A Jewish philanthropic family has given £1.2 million to help a world-leading biomedical science institute in London reach a wider public audience.
The Dangoor family, led by David and Judy, gave the sizeable sum to the Francis Crick Institute at Kings Cross (known as ‘the Crick’) this week, in a nod to David’s late father Sir Naim and his interests in education.
The Crick will use the money to reach different audiences, from scientists to schoolchildren, including a new public-focused website content and a large LED screen outside the Crick to promote awareness of its work to passers-by.
Scientists in the new £700 million building work on cutting-edge problems, including Covid-19. Its lab data on variants, antibodies and vaccines currently informs policy decisions around the world.
It is not the first time the Dangoor family has funded the Crick, channelling £5 million into its work, following it with this week’s £1.2m from Dangoor Education, which is the philanthropic arm of the family’s Exilarch’s Foundation.
Interestingly, it is the latest major boost to the world-renowned research institute from a charity of Jewish origins. In 2013, when plans for the Crick were first unveiled, they came with an initial £3 million set-up grant from the Wolfson Foundation, named after the late Sir Isaac Wolfson, revered chairman of Great Universal Stores.
Both David and his wife Judy have backgrounds in science. Announcing the donations, he said his father’s experience – fleeing Iraq in the 1960s when the situation for Jews worsened – continued to shape the family’s giving.
“All he took with him was his family and his education,” said David, noting how Sir Naim went on to build a property and business empire after arriving in the UK.
“He had developed a different perspective on the transience of wealth, and he wanted to show thanks to the UK for having taken us in by helping others. So, education was a very visceral choice for our family.
“It’s a treasure that you give someone, and they carry with them all their life. By sharing knowledge, you can help people help themselves. It empowers people beyond their own expectation.”
Crick Director Paul Nurse said: “This support will ensure that we can continue to encourage and advocate for meaningful public engagement in science.”
Thank you for helping to make Jewish News the leading source of news and opinion for the UK Jewish community. Today we're asking for your invaluable help to continue putting our community first in everything we do.
Unlike other Jewish media, we do not charge for content. That won’t change. Because we are free, we rely on advertising to cover our costs. This vital lifeline, which has dropped in recent years, has fallen further due to coronavirus.
For as little as £5 a month you can help sustain the vital work we do in celebrating and standing up for Jewish life in Britain.
Jewish News holds our community together and keeps us connected. Like a synagogue, it’s where people turn to feel part of something bigger. It also proudly shows the rest of Britain the vibrancy and rich culture of modern Jewish life.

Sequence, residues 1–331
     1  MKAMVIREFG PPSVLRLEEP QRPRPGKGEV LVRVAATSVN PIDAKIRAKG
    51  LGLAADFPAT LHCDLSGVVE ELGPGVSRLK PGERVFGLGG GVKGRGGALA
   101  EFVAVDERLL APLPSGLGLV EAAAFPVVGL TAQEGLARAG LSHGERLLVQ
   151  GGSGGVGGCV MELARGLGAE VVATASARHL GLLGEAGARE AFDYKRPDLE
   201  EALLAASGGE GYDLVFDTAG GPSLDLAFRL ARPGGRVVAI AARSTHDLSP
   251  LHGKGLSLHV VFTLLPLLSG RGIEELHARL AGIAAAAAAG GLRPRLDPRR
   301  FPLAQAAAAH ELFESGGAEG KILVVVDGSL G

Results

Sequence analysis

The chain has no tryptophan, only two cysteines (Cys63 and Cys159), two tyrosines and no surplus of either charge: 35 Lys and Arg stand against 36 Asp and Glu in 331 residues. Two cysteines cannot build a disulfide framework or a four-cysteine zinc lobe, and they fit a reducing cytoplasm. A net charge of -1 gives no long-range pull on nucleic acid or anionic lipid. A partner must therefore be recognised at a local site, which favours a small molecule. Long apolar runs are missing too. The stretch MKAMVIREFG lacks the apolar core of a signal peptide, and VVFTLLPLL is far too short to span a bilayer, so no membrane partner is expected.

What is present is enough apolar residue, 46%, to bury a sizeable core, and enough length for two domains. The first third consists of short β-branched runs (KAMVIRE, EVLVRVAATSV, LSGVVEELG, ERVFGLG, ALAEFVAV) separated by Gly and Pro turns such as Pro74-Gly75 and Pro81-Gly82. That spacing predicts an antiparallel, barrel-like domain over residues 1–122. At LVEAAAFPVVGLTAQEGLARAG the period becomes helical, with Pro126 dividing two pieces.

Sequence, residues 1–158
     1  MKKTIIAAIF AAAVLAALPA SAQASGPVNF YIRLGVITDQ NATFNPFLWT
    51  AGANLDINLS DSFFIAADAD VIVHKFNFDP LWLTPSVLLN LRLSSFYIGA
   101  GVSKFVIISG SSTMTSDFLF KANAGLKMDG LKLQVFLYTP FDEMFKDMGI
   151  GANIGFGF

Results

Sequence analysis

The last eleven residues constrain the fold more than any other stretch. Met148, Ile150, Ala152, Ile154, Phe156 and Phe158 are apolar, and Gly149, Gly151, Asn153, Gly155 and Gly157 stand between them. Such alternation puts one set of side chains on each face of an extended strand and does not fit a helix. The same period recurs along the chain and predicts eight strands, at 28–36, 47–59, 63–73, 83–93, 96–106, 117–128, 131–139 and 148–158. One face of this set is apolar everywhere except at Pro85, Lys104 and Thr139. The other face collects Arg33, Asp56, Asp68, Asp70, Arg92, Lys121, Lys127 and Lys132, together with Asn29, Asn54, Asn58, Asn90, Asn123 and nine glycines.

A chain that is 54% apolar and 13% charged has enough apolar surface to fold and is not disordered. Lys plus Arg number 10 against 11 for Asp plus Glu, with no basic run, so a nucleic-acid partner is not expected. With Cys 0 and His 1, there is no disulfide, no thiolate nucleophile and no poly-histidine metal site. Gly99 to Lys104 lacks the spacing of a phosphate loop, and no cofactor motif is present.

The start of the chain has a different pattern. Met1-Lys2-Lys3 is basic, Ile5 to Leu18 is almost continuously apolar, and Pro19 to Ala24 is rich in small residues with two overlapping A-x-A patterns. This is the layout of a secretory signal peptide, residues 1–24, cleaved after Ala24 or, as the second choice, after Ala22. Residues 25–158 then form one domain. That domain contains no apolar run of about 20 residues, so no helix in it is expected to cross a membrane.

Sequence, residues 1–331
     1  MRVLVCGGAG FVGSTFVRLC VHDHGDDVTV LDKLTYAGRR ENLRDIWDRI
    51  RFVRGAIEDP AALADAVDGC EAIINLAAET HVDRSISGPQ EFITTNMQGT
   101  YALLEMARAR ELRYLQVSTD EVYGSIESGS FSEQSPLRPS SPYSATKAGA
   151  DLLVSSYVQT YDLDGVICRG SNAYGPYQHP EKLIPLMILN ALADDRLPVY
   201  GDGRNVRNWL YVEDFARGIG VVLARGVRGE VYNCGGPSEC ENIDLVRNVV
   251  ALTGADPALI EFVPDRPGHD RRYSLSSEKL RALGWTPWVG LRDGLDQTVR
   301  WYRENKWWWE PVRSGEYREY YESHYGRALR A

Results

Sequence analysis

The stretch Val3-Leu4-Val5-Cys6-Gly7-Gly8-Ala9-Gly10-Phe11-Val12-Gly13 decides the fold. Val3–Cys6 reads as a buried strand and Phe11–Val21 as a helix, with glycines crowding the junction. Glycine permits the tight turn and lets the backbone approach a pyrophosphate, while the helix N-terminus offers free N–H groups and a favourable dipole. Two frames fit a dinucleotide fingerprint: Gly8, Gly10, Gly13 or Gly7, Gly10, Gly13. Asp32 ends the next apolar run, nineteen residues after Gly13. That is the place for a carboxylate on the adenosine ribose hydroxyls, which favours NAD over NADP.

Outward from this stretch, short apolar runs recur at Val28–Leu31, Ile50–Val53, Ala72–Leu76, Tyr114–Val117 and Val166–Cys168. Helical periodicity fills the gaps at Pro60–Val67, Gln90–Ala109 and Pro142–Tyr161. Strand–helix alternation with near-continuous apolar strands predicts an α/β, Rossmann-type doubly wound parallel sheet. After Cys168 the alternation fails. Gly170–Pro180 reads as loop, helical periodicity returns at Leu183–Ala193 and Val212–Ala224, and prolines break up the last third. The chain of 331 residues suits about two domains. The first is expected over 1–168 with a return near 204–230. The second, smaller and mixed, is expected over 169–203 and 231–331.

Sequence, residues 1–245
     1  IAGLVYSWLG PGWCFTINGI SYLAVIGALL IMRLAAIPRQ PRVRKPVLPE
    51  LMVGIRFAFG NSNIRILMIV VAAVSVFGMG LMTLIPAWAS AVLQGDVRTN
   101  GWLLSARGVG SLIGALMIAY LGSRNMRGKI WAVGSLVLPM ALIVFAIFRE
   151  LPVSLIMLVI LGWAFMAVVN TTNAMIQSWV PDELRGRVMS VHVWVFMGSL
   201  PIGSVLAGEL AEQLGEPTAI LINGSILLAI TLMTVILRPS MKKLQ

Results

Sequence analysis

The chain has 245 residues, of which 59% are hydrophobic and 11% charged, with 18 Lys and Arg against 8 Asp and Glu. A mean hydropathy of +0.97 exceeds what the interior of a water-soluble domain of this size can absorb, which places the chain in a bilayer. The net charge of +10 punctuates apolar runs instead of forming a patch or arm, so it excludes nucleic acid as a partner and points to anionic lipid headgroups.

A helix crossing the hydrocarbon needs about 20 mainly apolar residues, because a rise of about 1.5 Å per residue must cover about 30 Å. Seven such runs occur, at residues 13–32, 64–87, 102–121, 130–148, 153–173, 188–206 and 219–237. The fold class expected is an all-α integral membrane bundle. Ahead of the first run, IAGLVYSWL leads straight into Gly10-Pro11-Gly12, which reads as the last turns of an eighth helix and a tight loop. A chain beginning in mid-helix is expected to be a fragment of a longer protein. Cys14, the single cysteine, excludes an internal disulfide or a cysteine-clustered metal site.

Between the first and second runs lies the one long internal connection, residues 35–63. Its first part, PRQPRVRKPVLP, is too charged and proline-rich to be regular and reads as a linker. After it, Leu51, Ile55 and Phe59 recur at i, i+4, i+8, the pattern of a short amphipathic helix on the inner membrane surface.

You can make a quick and easy one-off or monthly contribution of £5, £10, £20 or any other sum you’re comfortable with.
100% of your donation will help us continue celebrating our community, in all its dynamic diversity...
Being a community platform means so much more than producing a newspaper and website. One of our proudest roles is media partnering with our invaluable charities to amplify the outstanding work they do to help us all.
There’s no shortage of oys in the world but Jewish News takes every opportunity to celebrate the joys too, through projects like Night of Heroes, 40 Under 40 and other compelling countdowns that make the community kvell with pride.
In the first collaboration between media outlets from different faiths, Jewish News worked with British Muslim TV and Church Times to produce a list of young activists leading the way on interfaith understanding.
Royal Mail issued a stamp honouring Holocaust hero Sir Nicholas Winton after a Jewish News campaign attracted more than 100,000 backers. Jewish Newsalso produces special editions of the paper highlighting pressing issues including mental health and Holocaust remembrance.
In an age when news is readily accessible, Jewish News provides high-quality content free online and offline, removing any financial barriers to connecting people.
Voice of our community to wider society
The Jewish News team regularly appears on TV, radio and on the pages of the national press to comment on stories about the Jewish community. Easy access to the paper on the streets of London also means Jewish News provides an invaluable window into the community for the country at large.
We hope you agree all this is worth preserving.